Typical Innovative and Involvement Characteristics of Contributors to Consumer Generated Media

Typical Innovative and Involvement Characteristics of Contributors to Consumer Generated Media

Eric Shiu (The University of Birmingham, UK)
DOI: 10.4018/978-1-4666-4026-9.ch006
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One key impact of consumer generated media on today’s firms is that it has become an increasingly important source of information for consumers in their decision making process. Firms that are able to gather positive messages about themselves and their products or services on consumer generated media can be instrumental to the survival and success of their business. The quality and growth of consumer generated media depend on contributions from the consumer public, and some people are more likely to post their own messages, written or otherwise, on consumer generated media than others. Understanding some typical characteristics of these people, termed active contributors to consumer generated media in this chapter, is beneficial for firms, as they can be more ready to identify them and could do something to turn them in their flavour. Based on literature review, this study has identified a number of hypothetical variables that may influence whether a person is an active contributor to consumer generated media. A questionnaire survey on 430 respondents has shown that global innovativeness, electronic innovativeness and consumer involvement significantly affect contributions to consumer generated media. Active contributors to this new medium are also more likely to be male and of a younger age.
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“This importance of peer recommendations and consumer opinions online justifies the attention marketers continue to pay to the use of social and consume generated media.”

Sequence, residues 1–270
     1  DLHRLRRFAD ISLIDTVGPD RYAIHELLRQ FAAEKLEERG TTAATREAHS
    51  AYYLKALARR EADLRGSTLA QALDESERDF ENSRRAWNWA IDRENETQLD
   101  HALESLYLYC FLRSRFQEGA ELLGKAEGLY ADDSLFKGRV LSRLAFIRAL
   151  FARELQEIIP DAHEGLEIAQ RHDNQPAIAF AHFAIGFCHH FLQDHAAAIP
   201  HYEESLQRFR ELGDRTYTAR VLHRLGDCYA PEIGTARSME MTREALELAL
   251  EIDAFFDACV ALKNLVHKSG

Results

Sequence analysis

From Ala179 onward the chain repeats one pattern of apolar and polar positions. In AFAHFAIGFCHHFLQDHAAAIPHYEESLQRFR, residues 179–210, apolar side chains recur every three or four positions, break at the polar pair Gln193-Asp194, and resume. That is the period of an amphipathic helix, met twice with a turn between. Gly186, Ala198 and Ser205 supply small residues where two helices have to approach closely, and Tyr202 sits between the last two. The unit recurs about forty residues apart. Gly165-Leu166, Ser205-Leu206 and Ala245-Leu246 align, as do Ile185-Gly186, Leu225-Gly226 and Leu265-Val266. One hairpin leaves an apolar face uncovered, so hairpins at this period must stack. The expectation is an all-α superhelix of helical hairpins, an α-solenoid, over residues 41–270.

-from Nielsen Global Online Consumer Survey Report (2009)



Consumer generated media is a collective name applied to different forms of digital communications whereby consumers openly share their opinions and experiences, often about their reactions to products and services (Shiu et al., 2009). It can take the form of blogs, podcasts, Internet forums, online community, and online social network (Table 1). It reflects the availability of new ways for authoring content that can be easily disseminated through the Internet (Dwyer, 2007). Consumer generated media should be treated differently from traditional media and its significance to businesses is likely to be greater than traditional media, because on this media platform consumers can consume, interact with, control, create, and distribute the media content.

Table 1.
Some major forms of consumer generated media
BlogA user-generated website where entries, which contain commentary or news on a particular subject, are made in journal style and displayed in a reverse chronological order.
PodcastAn audio (or occasionally video) recording available on an Internet source (website, blog, etc) for real-time listening or downloading.
Internet forumA web application for holding discussions and posting user generated content.
Online communityA group of people that primarily interact via a computer network.
Online social networkA collection of various web-based ways for users to interact, such as chat, messaging, email, video, voice chat, file sharing, blogging, and discussion groups.

Source: Shiu et al. (2009)

Historically, consumer generated media or user-generated media as some other researchers may call, can be traced back to the bulletin boards on portal websites such as Yahoo and AOL in the 1990s. Over time, the number of ‘appearances’ of consumer generated media has been increasing. Some of the appearances, such as Wikipedia, function as a collective gathering of information. Some others such as MySpace and YouTube are about personal sites. Others like Flickr are the result of a combination of collective and personal sites (Lanchester, 2006). Daugherty, Eastin and Bright (2008) categorised consumer generated media into eight major types and studied differences in popularity between these types, among consumer generated media contributors and users respectively (Table 2). Their results show that 46.5% of the respondents have participated in a discussion forum, while 44% of the respondents have contributed pictures to the consumer generated media community. These have been followed by 42.3% of the respondents who have created their own websites, and 41% of the respondents who have creased a blog. One can therefore see that texts and pictures are the most popular means through which people contribute to consumer generated media, while audios and drawings are comparatively less popular.

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